Study subjects who took ibuprofen for at least five years registered a 40% lower risk of developing Alzheimer's disease, according to new research. Some medicines in the same non-steroidal anti-inflammatory (NSAID) class cut the risk of Alzheimer's by 25%.

Nurses, staff should receive MRSA screenings, researchers say

Leaders of healthcare facilities should seriously consider having staff members screened for MRSA, the drug-resistant infection that can wreak havoc on senior populations, Swiss and South African researchers say.

Study: Mammograms still helpful for women over 80

Regular mammograms for women 80 and older cut the risk of discovering late-stage breast cancer, according to results of a new study. But only 1 in 5 American women in that age group get regular screenings, researchers said

Study: Age not a risk factor with some procedures

Procedures and even some drug trials once thought too risky for people aged 80 or higher are safer than previously thought, according to a new study.

Researchers: Resident violence in Canada "out of control"

Aides in Canadian nursing homes are being assaulted by residents at "appallingly" high rates, according to university researchers. Physical attacks were made daily against nearly half of workers surveyed, their studied revealed.

Report: Medication mismanagement leading to nursing home stays

Report: Medication mismanagement leading to nursing home stays

Up to half of all seniors will mismanage at least one of their medications, which can account for "about 23 percent of nursing home admissions," according to a new analysis in the Baltimore Sun.

Researchers: We have dementia diagnosis method 94% accurate

Researchers in the United States and Europe have developed a new technique for detecting and diagnosing different forms of dementia that is accurate "more than 94 percent of the time," according to a new study.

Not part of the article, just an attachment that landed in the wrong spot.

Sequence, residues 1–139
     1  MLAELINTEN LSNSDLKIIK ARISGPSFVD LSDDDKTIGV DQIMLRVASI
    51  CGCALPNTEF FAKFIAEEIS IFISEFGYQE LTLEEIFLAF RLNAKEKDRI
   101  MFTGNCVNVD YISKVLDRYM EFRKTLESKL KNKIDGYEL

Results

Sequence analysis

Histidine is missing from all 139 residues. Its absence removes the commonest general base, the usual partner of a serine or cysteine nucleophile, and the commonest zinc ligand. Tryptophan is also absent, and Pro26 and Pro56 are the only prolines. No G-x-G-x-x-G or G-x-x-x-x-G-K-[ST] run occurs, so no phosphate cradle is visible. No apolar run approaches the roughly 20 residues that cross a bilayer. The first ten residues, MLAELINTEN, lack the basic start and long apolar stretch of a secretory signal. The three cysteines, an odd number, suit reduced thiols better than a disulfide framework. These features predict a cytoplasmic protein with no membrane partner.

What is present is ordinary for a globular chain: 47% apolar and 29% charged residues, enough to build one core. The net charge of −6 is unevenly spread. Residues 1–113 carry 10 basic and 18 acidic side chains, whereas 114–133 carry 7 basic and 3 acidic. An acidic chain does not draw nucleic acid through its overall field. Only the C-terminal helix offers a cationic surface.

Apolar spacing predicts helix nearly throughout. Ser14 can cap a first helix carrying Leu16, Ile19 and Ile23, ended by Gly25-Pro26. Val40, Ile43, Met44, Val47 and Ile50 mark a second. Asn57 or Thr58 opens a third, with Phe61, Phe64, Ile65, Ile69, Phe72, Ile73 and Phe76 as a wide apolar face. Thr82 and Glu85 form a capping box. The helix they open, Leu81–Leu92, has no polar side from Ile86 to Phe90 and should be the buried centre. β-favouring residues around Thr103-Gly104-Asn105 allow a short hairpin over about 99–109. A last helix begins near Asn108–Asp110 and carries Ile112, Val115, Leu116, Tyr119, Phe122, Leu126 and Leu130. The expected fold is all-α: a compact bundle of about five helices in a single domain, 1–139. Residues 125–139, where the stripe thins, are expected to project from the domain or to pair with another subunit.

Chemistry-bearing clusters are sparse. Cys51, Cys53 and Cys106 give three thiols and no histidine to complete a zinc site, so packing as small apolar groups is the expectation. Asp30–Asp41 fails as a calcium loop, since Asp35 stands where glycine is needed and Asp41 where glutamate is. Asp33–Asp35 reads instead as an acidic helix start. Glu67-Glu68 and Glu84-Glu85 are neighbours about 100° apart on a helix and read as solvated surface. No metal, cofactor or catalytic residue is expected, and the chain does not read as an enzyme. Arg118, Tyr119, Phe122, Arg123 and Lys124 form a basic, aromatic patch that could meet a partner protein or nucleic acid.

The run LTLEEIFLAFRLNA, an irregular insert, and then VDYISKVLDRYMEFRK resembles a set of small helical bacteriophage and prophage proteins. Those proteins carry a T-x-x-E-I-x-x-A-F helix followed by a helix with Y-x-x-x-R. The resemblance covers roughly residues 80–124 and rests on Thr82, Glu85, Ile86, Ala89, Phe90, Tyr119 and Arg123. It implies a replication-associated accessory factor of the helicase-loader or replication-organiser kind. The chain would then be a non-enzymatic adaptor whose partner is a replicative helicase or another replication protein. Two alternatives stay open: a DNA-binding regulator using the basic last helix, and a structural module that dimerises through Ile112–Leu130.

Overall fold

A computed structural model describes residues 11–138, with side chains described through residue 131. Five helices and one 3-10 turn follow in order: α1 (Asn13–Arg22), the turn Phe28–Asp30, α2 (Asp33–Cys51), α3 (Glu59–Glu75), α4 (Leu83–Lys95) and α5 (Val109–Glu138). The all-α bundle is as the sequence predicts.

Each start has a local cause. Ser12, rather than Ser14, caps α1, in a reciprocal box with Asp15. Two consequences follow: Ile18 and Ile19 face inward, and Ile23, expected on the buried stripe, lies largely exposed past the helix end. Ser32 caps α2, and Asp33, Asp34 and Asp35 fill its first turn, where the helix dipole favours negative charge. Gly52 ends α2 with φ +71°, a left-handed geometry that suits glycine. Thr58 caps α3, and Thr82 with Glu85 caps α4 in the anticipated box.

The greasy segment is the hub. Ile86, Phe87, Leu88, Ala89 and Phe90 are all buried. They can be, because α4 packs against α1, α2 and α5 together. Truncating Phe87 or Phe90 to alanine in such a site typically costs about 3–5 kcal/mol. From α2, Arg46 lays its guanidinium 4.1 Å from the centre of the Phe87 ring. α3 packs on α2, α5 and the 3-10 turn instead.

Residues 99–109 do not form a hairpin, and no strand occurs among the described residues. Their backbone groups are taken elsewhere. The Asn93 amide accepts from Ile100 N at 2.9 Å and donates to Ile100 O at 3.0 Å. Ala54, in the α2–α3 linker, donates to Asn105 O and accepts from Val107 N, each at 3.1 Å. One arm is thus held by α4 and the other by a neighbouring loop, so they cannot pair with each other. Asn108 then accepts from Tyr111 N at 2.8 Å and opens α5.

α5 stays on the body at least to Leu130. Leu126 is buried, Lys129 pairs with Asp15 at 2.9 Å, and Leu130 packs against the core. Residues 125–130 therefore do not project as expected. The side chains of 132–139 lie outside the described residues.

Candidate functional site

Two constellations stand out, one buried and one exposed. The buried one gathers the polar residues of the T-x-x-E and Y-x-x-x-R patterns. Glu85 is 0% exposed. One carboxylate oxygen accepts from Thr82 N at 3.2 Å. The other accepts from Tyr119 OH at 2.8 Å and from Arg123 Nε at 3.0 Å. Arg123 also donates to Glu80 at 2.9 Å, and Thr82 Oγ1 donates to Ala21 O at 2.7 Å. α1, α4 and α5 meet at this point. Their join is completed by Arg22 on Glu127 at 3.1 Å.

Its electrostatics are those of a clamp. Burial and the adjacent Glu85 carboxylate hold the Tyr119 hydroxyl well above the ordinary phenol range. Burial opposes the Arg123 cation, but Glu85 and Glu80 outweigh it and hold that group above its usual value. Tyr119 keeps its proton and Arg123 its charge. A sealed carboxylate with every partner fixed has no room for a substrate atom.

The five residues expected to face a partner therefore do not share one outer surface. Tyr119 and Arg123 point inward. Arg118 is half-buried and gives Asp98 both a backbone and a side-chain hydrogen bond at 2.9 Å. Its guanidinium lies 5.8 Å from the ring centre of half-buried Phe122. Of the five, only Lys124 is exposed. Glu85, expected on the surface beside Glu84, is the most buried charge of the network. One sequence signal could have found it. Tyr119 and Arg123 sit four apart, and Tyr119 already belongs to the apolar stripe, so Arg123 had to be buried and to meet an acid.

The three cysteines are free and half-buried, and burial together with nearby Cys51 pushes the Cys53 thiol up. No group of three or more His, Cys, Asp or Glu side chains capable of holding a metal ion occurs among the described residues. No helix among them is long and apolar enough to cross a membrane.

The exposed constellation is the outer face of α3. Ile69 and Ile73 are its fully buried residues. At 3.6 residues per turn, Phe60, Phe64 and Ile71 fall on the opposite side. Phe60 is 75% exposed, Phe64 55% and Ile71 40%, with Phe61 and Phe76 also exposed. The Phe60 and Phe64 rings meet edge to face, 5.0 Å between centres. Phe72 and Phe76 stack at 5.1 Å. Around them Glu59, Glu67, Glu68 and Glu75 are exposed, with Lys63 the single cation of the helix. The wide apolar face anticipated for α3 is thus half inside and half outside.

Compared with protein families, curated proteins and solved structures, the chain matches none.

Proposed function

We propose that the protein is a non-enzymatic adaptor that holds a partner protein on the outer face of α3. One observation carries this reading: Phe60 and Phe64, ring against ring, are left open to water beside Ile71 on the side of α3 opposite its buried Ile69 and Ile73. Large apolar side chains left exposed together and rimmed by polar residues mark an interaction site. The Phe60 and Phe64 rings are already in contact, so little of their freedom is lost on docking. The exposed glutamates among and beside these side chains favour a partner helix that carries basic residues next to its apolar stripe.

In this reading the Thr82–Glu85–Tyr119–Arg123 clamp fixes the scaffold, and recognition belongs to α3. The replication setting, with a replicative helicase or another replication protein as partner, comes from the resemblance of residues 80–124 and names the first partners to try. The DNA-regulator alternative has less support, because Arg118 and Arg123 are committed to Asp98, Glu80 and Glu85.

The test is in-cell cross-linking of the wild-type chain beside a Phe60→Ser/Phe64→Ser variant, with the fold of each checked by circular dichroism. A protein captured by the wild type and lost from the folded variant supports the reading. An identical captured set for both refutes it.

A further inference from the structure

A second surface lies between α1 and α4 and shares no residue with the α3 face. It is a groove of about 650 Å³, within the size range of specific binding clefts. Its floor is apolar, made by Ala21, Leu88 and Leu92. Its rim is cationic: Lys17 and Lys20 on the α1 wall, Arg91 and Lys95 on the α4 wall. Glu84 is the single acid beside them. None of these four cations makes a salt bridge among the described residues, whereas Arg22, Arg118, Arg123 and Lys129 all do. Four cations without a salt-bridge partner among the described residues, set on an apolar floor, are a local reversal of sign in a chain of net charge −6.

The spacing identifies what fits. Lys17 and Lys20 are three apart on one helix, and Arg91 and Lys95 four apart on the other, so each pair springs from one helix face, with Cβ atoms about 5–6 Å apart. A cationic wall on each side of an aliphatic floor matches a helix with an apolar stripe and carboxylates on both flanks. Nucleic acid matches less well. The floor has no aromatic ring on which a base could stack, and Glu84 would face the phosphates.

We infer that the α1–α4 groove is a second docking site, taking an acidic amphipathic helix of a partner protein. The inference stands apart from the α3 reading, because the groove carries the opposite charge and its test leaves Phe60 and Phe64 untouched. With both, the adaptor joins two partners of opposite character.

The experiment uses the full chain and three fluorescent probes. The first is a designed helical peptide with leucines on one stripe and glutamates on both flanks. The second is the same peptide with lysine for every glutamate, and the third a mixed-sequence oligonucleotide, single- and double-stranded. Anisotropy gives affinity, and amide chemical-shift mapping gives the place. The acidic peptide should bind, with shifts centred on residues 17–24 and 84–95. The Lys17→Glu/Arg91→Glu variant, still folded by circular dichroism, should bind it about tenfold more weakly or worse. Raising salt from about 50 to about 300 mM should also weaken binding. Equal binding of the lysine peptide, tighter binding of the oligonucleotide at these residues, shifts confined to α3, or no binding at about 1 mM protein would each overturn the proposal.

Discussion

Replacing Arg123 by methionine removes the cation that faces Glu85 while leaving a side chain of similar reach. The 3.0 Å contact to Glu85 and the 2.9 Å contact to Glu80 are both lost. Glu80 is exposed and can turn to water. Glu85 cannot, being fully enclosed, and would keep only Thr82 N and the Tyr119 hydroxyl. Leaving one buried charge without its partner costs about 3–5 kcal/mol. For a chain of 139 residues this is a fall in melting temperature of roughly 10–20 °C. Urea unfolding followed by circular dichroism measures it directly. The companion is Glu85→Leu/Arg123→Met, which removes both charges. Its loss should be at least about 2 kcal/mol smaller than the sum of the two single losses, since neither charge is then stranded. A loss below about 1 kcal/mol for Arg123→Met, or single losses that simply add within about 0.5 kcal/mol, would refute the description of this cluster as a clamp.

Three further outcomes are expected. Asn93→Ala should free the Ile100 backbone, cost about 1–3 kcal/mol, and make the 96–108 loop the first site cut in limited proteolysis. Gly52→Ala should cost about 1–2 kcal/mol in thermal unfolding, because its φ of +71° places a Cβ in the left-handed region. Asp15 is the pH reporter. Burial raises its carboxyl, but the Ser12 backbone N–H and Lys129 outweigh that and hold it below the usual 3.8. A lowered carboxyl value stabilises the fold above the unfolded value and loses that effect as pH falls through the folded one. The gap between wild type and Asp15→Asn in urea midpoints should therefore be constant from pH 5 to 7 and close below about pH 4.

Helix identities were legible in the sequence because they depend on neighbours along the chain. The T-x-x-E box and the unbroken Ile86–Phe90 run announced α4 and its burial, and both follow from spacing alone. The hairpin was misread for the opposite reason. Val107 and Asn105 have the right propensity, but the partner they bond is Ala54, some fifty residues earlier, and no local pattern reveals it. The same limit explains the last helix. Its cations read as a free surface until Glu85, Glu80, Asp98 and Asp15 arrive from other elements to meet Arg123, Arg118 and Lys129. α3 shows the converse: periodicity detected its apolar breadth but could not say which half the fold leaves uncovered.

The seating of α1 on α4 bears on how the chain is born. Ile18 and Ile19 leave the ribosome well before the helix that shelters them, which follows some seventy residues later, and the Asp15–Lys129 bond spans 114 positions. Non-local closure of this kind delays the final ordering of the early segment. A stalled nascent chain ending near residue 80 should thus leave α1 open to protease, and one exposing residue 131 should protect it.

Antibiotics for advanced dementia patients questioned

Nearly half of advanced-dementia residents in nursing homes receive antibiotics during the last two weeks of life, but it remains unclear whether such treatment helps, authors of a new study say. Pain from administering the drugs intravenously, as well as unwanted side effects, are among the chief concerns.

Ask the treatment expert

Ask the treatment expert

Is the rumor true that Accuzyme® and Panafil® ointments are no longer reimbursable? If so, what should we do?

Pain-relief patch available

Alpharma has announced the availability of the Fletcor Patch. The adhesive patch delivers medication directly to the pain site, offering a safe and effective alternative to widely used nonsteroidal anti-inflammatory drugs, according to the firm.

Weighty matters

Weighty matters

Tanita's PW-630U wheelchair scale is designed to make it easy for residents to get on the scale and be stable. The durable, portable unit is equipped with wheels, allowing caregivers to bring the scale wherever elderly or wheelchair-bound residents are. Other features include body mass index, an integrated thermal printer, memory, recall and RS-232 output so data can be captured electronically.

Congestive heart failure tied to nursing home use

An increasing number of people will need nursing home care after suffering disabilities caused by congestive heart failure, according to a new study.

Caregivers slow to defibrillate

Cardiac arrest patients are kept waiting too long for defibrillation after a heart attack, a new study shows.

Study: Racial disparity exists in cancer treatment

Older black patients are less likely than whites to receive the recommended treatment for cancer, according to a new study.

Discovery sparks hope for Parkinson's treatment

The possibility of a new treatment for Parkinson's disease has emerged, according to U.S. researchers claiming a key finding.

Ask the treatment expert

Ask the treatment expert

Donna Sardina, RN, MHA, WCC, President, Wound Care Education Institute